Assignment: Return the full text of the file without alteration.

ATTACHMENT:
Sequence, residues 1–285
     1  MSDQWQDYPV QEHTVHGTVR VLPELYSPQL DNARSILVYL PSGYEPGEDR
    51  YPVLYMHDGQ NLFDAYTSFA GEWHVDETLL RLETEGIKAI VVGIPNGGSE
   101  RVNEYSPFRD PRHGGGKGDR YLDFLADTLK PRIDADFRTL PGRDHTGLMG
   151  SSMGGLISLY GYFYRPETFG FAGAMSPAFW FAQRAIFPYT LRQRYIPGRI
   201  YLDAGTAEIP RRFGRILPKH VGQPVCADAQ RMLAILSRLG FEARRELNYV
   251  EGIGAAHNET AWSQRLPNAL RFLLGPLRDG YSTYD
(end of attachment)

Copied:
Sequence, residues 1–285
     1  MSDQWQDYPV QEHTVHGTVR VLPELYSPQL DNARSILVYL PSGYEPGEDR
    51  YPVLYMHDGQ NLFDAYTSFA GEWHVDETLL RLETEGIKAI VVGIPNGGSE
   101  RVNEYSPFRD PRHGGGKGDR YLDFLADTLK PRIDADFRTL PGRDHTGLMG
   151  SSMGGLISLY GYFYRPETFG FAGAMSPAFW FAQRAIFPYT LRQRYIPGRI
   201  YLDAGTAEIP RRFGRILPKH VGQPVCADAQ RMLAILSRLG FEARRELNYV
   251  EGIGAAHNET AWSQRLPNAL RFLLGPLRDG YSTYD